Adding Layers

To add more interest to the map, I added the City of Toronto Neighbourhood boundaries so that the number of breaks per neighbourhood could be viewed.  I downloaded the shapefile from Toronto Open Data, connected the data set to my map and added it as a second layer.  I added info pop-ups, and changed the default symbolization with CartoCSS editor:

/** simple visualization */  #neighbourhoods_wgs84{
Polygon-fill: #FF6600;
Polygon-opacity: 0;
Line-color: #000000;
Line-width: 0.5;
Line-opacity: 1;
}

Animation

CARTO only allows animation on one map layer, and it does not permit info windows.  You also cannot copy a layer.  As such, I added a new layer by connecting to the watermain breaks data table, and then used the Torque Cat Wizard to animate the layer.

Animation is based on the column that contains either a date or time.  I selected the Break_Date column, and used CartoCSS editor to set the number of frames, duration of the animation, data aggregation to cumulative so that the points remained on the map, and then symbolized the data points to match the original watermain breaks layer.  A legend was then added to this layer.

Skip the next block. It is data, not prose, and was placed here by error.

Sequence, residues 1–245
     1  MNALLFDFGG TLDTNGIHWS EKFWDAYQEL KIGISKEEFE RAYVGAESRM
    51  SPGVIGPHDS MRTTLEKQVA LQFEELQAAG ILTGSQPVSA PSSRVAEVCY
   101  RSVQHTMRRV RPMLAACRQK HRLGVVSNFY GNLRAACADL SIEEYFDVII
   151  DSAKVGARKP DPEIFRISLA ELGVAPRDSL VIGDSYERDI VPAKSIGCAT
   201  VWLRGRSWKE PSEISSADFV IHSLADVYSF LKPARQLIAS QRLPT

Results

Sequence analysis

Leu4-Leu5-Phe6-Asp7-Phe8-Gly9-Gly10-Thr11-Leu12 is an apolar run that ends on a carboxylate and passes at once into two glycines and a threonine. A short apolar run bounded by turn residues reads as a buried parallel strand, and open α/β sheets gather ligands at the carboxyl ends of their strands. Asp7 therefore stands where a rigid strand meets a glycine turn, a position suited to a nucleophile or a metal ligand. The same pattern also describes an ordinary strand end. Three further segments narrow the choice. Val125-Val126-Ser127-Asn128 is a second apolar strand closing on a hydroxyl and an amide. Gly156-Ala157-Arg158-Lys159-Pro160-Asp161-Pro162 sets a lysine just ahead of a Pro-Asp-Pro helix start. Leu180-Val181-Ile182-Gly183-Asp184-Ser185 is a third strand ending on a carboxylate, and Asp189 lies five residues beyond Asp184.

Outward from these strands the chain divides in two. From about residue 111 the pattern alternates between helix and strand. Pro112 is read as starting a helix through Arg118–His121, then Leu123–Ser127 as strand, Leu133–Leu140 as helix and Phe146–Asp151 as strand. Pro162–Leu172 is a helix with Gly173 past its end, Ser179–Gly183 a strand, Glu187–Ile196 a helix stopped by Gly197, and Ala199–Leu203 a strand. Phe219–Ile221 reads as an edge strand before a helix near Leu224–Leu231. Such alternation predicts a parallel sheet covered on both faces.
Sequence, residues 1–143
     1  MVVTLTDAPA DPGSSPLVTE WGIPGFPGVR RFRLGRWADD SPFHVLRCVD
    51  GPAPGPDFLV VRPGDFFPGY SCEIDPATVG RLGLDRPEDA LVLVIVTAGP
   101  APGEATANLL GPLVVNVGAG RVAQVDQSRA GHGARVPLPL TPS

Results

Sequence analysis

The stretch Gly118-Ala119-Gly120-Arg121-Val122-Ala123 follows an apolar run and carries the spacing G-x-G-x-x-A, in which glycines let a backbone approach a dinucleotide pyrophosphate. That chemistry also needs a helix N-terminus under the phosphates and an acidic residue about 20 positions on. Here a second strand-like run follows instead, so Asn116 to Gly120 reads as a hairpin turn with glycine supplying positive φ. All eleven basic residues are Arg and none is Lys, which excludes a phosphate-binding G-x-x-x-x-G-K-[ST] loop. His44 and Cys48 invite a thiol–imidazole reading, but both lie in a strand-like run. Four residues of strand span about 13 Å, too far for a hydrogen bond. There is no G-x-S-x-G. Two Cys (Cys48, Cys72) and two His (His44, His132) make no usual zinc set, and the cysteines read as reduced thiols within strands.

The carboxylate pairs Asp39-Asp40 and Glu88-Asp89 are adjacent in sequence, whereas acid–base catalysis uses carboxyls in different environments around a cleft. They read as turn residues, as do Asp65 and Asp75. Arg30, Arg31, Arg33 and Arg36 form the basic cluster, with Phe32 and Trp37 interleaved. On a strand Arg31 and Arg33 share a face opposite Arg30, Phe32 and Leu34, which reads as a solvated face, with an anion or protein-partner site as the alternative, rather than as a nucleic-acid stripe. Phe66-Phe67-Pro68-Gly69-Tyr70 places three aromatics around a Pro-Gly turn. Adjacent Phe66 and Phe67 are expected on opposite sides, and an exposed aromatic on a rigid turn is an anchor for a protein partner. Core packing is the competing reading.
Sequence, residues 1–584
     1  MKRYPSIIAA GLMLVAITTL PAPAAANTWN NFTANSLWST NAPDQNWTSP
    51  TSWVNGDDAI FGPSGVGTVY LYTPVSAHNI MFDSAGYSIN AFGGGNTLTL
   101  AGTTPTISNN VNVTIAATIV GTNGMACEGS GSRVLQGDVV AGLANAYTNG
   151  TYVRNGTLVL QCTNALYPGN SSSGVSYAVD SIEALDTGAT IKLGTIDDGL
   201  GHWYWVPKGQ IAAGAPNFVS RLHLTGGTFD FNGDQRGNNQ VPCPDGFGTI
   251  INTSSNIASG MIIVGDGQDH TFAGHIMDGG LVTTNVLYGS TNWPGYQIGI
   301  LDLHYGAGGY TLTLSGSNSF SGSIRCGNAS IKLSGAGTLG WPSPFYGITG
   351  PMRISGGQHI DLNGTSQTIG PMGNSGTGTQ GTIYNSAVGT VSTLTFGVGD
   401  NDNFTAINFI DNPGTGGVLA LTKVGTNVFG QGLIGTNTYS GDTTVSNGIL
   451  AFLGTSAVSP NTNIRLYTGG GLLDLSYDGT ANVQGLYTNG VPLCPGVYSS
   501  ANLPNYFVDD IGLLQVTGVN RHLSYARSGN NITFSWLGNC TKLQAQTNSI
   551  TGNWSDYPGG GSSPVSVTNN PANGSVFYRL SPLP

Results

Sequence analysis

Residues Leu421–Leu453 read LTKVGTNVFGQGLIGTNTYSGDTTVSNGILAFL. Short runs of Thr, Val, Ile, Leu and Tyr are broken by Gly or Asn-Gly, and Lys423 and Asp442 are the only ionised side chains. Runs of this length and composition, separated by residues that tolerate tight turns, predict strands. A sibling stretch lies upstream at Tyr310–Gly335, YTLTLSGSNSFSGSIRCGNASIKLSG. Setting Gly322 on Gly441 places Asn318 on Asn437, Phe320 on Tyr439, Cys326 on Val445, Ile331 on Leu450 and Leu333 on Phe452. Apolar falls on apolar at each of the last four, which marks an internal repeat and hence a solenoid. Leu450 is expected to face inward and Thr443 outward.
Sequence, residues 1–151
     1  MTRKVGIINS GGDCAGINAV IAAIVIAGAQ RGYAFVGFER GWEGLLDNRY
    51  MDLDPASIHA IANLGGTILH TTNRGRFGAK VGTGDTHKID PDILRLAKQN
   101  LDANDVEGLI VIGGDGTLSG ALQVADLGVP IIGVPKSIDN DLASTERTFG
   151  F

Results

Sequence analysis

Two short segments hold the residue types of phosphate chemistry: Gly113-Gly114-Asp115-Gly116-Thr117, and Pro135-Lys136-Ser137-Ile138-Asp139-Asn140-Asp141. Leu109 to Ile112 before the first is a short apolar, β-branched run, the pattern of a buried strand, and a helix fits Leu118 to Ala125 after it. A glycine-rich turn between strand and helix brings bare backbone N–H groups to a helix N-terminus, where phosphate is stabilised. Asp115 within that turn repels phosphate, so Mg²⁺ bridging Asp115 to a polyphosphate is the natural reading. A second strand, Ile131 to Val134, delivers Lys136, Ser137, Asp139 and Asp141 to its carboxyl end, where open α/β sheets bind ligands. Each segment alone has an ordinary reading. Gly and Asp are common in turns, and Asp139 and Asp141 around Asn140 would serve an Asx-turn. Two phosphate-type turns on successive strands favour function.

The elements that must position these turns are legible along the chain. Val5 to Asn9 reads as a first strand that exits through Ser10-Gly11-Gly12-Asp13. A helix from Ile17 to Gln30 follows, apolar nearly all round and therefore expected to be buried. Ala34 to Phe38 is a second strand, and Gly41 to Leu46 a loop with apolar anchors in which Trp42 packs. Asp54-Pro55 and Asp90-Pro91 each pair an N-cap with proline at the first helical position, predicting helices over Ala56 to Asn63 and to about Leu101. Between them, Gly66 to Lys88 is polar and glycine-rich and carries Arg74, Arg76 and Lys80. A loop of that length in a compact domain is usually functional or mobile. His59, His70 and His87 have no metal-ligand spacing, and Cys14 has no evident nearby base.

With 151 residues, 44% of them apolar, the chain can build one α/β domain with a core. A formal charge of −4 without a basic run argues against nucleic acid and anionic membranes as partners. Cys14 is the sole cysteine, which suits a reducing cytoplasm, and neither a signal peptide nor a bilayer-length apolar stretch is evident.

CARTO has the option to add elements such as title, text boxes and images.  I added a title and a text box containing some facts about the city’s watermain breaks and pipe distribution.

The map animation can be viewed here .  Zoom in, pan around, find your neighbourhood, move the date slider, and select from the visible layers.

Note:  CARTO does not function well in Microsoft Edge